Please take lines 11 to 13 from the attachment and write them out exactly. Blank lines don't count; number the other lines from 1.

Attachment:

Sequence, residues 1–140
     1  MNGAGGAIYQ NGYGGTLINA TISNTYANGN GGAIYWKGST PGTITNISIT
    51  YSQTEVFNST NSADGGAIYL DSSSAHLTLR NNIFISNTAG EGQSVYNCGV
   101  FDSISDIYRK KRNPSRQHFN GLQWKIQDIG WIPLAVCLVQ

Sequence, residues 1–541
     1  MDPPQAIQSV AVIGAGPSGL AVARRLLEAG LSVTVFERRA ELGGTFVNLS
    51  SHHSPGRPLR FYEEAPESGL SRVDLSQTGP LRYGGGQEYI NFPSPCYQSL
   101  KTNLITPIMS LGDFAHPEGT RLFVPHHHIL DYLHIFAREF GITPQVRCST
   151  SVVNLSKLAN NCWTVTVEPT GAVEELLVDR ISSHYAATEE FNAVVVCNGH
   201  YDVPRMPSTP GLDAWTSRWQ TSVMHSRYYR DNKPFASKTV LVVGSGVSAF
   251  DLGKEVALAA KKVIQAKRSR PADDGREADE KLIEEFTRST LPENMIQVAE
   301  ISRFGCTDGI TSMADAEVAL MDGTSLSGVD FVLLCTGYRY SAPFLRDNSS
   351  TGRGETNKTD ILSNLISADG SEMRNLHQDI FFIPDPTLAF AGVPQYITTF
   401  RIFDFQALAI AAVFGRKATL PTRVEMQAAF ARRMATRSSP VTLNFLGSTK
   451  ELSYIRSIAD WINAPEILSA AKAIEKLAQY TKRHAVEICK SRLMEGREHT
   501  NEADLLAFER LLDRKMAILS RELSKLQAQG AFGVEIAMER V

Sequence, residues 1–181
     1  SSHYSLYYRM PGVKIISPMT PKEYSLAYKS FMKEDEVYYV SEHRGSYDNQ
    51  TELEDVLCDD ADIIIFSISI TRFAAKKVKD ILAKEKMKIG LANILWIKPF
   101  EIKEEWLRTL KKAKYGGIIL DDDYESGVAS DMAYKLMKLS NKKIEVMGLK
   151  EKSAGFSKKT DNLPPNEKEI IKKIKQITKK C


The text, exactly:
   251  DLGKEVALAA KKVIQAKRSR PADDGREADE KLIEEFTRST LPENMIQVAE
   301  ISRFGCTDGI TSMADAEVAL MDGTSLSGVD FVLLCTGYRY SAPFLRDNSS
   351  TGRGETNKTD ILSNLISADG SEMRNLHQDI FFIPDPTLAF AGVPQYITTF